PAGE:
“This is an important message from Canyon Lake Water Service Company.  Due to high temperatures along with increased irrigation, the water storage capacity has become extremely limited in your area.  Until further notice, we ask that water usage is limited to essential indoor use only. Expect important announcements about Stage Two Water Restrictions later this week.  If you have any questions please contact our business office at 830-312-4600.

“Later in the day and after the Stage 2 Water Restrictions were announced, CLWSC sent a second message.  The message was:

“This is an important message from Canyon Lake Water Service Company.   We appreciate your efforts today to limit water usage to indoor use only.  Based on water supply recovery estimates, we recommend that you continue to conserve water through the evening.  Effective tomorrow, CLWSC will implement stage two water restrictions and you may begin to use the stage two weekly watering schedule.  Please refer to our website at CLWSC.com or contact us at 830-312-4600. Thank you for your understanding in this matter.”


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  1. Virginia Rose October 8, 2018

    I live on Charon Pt in Mystic Shores. WE HAVE NO WATER!!! Never in my 72 years have I used a water system that closed us down saying it was a drought function when it’s raining. What will you come up with next?


  2. Michael L. Maurer July 8, 2018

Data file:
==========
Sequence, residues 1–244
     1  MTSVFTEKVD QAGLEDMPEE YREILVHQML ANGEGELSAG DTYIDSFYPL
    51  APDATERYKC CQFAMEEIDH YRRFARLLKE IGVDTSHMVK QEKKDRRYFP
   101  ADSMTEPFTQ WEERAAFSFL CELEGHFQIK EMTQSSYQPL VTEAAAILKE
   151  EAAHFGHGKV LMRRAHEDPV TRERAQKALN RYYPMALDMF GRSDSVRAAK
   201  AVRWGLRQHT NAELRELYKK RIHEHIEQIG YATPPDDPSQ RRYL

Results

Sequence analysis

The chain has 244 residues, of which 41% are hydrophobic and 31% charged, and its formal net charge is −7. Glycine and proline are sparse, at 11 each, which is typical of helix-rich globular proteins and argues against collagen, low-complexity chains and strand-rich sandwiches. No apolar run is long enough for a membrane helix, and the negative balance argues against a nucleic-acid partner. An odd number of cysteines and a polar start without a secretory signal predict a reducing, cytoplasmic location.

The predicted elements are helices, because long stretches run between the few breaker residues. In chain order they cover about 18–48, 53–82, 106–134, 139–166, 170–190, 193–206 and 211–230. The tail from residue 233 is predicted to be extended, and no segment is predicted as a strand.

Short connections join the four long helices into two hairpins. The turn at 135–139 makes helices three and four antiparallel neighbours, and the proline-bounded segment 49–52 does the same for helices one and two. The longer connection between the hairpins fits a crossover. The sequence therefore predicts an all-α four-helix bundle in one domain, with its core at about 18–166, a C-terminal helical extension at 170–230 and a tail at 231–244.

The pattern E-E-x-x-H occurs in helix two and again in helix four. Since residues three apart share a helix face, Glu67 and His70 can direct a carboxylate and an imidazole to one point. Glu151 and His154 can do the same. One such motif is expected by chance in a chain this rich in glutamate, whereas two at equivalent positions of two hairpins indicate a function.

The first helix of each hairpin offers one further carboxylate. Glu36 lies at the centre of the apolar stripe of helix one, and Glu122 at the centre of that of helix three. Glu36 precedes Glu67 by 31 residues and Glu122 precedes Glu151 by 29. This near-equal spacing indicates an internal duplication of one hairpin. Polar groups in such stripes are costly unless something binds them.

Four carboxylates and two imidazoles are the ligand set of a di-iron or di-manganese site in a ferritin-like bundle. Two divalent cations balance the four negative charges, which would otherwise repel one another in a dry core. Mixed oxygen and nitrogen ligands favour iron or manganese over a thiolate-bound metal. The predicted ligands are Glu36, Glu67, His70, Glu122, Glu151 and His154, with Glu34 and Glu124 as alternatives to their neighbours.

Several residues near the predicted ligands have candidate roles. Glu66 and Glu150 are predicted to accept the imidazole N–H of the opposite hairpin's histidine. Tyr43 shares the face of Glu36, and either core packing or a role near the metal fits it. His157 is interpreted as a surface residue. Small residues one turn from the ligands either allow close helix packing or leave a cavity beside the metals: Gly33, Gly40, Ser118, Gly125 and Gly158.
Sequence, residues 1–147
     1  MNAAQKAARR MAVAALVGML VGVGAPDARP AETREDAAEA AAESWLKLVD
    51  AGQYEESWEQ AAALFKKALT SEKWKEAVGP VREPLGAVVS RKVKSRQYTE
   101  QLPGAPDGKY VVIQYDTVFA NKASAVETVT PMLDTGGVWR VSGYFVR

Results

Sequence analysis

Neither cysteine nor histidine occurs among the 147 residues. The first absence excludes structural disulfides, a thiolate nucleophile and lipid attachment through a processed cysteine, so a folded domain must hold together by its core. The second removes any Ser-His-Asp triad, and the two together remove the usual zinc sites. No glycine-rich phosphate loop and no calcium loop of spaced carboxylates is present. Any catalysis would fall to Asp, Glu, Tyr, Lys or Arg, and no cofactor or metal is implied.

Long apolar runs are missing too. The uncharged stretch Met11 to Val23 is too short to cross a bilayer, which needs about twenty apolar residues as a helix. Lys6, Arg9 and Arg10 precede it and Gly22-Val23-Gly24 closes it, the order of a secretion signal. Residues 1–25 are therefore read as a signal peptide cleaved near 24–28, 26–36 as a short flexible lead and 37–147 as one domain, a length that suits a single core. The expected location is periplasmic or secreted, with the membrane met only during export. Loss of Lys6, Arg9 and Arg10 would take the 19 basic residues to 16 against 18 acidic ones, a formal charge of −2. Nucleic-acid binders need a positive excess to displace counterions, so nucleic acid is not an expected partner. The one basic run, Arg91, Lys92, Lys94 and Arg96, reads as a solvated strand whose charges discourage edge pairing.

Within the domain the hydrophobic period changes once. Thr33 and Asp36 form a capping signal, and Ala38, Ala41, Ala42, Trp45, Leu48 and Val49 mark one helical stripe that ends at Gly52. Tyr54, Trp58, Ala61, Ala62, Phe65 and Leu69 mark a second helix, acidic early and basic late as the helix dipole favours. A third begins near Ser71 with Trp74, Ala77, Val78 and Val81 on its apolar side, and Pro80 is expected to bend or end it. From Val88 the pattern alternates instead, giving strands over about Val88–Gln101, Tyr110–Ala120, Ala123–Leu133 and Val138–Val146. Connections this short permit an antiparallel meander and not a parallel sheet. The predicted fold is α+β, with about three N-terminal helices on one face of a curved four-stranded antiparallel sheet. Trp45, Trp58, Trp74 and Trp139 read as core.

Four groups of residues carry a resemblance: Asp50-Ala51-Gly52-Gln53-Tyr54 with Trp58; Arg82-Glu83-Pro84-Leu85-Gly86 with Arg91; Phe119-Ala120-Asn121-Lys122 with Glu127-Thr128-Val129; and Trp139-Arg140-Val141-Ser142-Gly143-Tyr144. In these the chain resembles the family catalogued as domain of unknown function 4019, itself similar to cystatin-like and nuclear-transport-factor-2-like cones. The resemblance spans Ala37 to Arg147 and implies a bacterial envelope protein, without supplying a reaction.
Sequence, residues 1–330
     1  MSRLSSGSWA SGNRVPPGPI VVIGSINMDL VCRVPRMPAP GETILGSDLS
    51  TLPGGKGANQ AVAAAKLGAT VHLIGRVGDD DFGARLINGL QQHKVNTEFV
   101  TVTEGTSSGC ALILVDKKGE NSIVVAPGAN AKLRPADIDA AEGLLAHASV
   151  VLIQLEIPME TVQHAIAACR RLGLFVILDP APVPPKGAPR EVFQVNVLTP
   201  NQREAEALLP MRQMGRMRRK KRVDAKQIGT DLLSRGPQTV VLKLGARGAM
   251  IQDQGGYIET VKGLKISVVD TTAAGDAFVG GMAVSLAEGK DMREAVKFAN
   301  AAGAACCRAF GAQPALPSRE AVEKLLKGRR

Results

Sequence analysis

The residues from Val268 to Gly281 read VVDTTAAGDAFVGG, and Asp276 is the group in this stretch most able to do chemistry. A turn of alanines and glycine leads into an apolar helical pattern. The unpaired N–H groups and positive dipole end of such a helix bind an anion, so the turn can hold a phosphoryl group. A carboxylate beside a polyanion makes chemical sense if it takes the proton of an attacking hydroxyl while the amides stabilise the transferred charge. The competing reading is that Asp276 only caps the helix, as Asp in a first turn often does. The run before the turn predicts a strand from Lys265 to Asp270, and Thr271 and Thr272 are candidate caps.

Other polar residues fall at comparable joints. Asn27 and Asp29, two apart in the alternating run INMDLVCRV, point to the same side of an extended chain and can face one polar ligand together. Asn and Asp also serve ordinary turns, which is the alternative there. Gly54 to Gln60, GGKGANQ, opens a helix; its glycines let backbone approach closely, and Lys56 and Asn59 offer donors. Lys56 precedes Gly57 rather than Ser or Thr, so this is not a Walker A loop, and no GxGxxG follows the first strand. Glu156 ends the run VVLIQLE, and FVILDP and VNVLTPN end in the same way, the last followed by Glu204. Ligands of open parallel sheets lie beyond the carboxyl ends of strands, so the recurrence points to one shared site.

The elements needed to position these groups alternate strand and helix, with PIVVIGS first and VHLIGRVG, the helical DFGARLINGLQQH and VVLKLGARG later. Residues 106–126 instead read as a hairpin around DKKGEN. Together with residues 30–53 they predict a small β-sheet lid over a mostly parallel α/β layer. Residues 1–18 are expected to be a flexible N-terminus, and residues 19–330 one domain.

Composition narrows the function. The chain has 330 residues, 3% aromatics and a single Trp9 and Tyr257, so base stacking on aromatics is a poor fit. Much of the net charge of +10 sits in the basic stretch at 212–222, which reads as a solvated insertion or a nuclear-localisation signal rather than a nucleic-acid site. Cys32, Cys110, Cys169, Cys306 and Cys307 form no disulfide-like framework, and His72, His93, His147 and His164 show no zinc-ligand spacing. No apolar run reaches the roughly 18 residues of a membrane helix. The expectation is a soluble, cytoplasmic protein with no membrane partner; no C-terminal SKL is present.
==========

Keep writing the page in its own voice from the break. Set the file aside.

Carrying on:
Isn’t CLSWC the water purveyor for Vintage Oaks and weren’t they the one that submitted the water availability documents proving water would be there for the entire build-out of that subdivision for the next twenty years and ok’d by the Comal County Engineer’s Office pursuant to water availability rules adopted by Comal County Commissioners. It is a fact that new subdivisions have to require proof of water availability but what concerns me is that this isn’t the first ‘new’ subdivision to experience water shortages. The next question should be… why isn’t real proof of water availability being administered by the County or is it just the desire of Commissioners to give these new subdivisions a free pass on the water availability requirement for the sake of the additional taxes the new subdivision will bring in??? And finally, I do not believe the CLWSC should be allowed to be the water purveyor for any new subdivision now or later until the CLWSC shows real proof of additional water supplies. This should also apply to the NBU and new subdivisions within the jurisdiction of the City of New Braunfels. Developer friendly politicians within Comal County and the City of New Braunfels appear to be selling out existing customers by bringing in new customers that these water purveyors may not have adequate supplies for. No wonder why there seems to be more and more shortages. Water availability means water will be available for the next 20 years, and not subject to year round drought restrictions. Either these water purveyors have or do not have adequate water supplies for all current customers on their systems, drought or no drought. If not, bring in more wells or pump it from elsewhere. I would love to see the water availability reports affiliated with these and other new subdivisions that should show their existing water pumpage and collection, versus how much additional water supplies will be needed for the new subdivision. Based on facts, not averages or speculation.